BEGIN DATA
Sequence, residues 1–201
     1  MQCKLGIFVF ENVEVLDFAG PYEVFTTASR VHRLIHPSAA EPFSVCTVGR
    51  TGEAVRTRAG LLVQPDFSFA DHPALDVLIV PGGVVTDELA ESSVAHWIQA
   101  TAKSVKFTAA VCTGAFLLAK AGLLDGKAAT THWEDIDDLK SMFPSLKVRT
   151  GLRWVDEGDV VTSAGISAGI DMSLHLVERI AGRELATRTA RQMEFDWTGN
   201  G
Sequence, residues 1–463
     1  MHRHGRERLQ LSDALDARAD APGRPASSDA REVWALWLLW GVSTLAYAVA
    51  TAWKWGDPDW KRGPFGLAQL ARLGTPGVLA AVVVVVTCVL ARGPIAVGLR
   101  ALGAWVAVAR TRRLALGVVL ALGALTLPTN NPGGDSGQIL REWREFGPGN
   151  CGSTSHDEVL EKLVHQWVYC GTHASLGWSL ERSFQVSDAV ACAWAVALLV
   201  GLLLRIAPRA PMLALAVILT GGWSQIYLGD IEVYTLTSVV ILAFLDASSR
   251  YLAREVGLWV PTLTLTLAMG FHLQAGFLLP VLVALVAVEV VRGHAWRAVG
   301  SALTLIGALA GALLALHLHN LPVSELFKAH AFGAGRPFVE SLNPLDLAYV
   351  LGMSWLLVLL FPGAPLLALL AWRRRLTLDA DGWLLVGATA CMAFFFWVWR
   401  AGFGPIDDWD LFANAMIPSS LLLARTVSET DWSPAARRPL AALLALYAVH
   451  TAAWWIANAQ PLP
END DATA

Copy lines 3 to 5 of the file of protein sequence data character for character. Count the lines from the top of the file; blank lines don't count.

    51  TGEAVRTRAG LLVQPDFSFA DHPALDVLIV PGGVVTDELA ESSVAHWIQA
   101  TAKSVKFTAA VCTGAFLLAK AGLLDGKAAT THWEDIDDLK SMFPSLKVRT
   151  GLRWVDEGDV VTSAGISAGI DMSLHLVERI AGRELATRTA RQMEFDWTGN